I was quite excited when an Italian scholar of Germanic philology, Verio Santoro, wrote to me saying he’d like to send me a copy of his book La Ricezione Moderna della Battaglia di Maldon: Tolkien, Borges e gli altri; “The Battle of Maldon” is a work I’ve always been very interested in, since long before my undergraduate attempt to write a translation of it; my first introduction to it was Tolkien’s play “The Homecoming of Beorhtnoth Beorhthelm’s Son”, which I read as a child. I didn’t at first realize that Dr. Santoro was sending it to me because there’s half a chapter in it about my prose-poem “Anno Domini Nine-Hundred and Ninety One: Two Voices”, which is included in The Storyteller.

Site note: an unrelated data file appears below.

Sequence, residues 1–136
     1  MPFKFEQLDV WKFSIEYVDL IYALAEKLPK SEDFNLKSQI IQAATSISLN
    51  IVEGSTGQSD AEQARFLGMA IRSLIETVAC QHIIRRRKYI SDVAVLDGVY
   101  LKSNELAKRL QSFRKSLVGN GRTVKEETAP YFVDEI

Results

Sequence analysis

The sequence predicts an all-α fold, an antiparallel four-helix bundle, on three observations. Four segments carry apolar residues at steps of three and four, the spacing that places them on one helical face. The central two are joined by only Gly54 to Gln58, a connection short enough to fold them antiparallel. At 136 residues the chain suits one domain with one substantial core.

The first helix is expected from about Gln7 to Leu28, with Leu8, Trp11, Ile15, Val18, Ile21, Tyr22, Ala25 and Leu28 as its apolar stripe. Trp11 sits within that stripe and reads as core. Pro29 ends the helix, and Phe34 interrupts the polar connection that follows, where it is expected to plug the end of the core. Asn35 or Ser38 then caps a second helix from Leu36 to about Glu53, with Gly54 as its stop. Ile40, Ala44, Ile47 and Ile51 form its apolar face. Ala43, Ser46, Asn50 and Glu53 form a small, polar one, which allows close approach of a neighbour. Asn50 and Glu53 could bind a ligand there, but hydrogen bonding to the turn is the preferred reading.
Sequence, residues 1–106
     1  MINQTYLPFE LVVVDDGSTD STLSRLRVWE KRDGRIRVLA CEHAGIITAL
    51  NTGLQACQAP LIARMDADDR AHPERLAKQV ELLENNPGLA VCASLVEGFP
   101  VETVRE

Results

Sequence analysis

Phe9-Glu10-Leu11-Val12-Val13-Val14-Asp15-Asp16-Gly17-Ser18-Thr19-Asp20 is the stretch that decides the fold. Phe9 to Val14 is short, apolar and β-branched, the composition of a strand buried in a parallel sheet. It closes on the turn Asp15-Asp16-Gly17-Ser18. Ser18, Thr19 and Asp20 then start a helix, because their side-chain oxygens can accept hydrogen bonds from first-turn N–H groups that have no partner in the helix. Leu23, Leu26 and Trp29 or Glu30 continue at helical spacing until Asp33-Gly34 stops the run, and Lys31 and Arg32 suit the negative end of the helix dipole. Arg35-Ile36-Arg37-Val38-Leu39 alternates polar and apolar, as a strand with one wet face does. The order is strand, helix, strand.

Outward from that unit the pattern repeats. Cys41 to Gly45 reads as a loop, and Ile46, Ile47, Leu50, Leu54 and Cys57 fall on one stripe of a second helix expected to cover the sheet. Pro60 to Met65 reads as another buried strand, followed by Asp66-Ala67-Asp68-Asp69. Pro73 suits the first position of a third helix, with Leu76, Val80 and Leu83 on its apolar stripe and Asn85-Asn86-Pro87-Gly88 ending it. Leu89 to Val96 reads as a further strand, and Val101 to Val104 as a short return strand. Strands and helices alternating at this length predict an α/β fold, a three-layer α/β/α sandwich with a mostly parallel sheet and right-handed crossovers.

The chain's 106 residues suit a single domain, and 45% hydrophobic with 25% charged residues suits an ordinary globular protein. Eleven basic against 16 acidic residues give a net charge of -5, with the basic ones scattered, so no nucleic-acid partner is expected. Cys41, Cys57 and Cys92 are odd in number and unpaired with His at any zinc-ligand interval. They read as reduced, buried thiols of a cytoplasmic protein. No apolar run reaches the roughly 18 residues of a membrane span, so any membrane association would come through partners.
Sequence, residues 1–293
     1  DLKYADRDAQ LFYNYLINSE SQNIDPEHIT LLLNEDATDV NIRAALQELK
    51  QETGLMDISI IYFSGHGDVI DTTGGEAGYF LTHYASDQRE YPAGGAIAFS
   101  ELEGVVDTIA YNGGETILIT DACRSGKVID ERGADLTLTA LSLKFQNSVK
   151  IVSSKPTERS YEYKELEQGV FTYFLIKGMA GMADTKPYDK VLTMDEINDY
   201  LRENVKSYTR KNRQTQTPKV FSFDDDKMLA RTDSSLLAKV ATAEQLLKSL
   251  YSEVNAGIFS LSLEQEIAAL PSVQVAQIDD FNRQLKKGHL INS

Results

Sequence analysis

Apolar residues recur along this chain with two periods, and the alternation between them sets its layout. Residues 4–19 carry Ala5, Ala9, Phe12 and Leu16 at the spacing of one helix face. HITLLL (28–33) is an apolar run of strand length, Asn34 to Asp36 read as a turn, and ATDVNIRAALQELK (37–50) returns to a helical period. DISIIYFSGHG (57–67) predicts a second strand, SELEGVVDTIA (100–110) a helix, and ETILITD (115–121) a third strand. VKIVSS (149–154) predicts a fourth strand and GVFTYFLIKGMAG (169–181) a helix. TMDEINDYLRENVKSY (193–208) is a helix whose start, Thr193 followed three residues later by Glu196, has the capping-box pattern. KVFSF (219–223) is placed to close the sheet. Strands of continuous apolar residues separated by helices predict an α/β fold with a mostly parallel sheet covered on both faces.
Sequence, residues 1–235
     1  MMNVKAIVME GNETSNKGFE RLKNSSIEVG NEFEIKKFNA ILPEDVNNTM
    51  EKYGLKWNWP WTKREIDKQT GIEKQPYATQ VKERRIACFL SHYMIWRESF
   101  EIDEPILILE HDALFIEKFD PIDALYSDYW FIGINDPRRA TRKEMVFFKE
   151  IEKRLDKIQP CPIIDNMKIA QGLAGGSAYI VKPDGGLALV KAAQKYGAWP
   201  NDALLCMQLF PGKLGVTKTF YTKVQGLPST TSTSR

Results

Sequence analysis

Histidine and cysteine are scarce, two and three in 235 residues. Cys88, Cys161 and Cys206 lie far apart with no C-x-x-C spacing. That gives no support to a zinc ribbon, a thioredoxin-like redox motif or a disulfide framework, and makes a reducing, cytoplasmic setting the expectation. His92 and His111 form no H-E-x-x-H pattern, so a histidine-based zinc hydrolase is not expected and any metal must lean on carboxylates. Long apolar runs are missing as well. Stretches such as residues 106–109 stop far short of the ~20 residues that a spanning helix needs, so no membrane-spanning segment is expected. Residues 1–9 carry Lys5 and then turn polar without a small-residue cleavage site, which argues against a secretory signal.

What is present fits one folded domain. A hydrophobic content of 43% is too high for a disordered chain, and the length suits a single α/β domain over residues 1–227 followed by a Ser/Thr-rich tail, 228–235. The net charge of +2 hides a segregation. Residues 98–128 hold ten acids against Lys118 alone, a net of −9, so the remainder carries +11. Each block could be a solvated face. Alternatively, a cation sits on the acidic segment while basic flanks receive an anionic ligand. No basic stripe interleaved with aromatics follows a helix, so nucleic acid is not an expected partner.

It’s a book I’m quite eager to read, and not just for the discussion of my reinterpretation of “Maldon”; the whole subject is something I’m interested in. As I don’t read Italian, though, my progress is slow, using Latin and a huge Cambridge Italian dictionary (which for some reason is the second-largest dictionary in this dictionary-filled household, outweighed only by the Oxford Universal).
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